Through the looking glass

Proc. Natl Acad. Sci. USA http://doi.org/w48 (2014)

Age may bring wisdom, but it also tends to come with the inability to see things clearly — even when they're right in front of you. Presbyopia is a common condition involving progressive difficulty focusing on nearby objects, and it's associated with a hardening of the lens of the eye. Scattering data reported by Giuseppe Foffi and colleagues may hold the key as to why this is the case: their measurements are consistent with the appearance of a glassy arrested state in solutions of α-crystallin — a protein known to be abundant in the lens.

The transparency of the lens, which is crucial for clear vision, has previously been linked to short-range order between α-crystallin proteins. Foffi et al. found that their protein solutions were structurally liquid-like, consistent with a polydisperse hard-sphere model. And their dynamic light scattering and viscometry measurements pointed toward the existence of a glass transition, corroborated by molecular dynamics simulations and mode-coupling theory. The results suggest that the α-crystallin in our lenses may have a role in the onset of presbyopia.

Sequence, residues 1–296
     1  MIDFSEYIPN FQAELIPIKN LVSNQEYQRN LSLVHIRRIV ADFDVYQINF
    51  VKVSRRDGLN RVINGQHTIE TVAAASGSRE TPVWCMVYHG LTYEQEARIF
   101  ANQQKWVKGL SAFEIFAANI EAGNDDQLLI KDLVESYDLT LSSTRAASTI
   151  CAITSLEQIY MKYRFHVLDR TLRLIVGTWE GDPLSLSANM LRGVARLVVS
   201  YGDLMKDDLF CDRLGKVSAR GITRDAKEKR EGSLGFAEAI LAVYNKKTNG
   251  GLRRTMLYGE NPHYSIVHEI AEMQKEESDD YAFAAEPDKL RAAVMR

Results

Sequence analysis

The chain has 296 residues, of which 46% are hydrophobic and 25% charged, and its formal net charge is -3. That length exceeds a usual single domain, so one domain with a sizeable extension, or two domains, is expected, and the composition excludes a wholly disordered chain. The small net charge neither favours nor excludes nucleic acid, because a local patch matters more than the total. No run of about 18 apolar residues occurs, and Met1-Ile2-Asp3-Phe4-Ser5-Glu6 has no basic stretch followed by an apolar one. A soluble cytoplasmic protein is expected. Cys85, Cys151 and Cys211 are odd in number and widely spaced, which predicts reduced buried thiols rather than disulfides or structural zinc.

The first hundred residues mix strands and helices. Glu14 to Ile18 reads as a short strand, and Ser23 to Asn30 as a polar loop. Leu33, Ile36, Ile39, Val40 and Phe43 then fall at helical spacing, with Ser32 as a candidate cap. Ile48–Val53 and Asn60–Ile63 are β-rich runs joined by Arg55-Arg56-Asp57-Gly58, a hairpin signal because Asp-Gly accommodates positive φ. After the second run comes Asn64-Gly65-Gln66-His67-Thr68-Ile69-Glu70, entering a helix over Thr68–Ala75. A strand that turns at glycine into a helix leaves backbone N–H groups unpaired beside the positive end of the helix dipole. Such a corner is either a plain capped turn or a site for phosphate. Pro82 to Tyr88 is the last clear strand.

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Klopper, A. Through the looking glass. Nature Phys 10, 899 (2014). https://doi.org/10.1038/nphys3192

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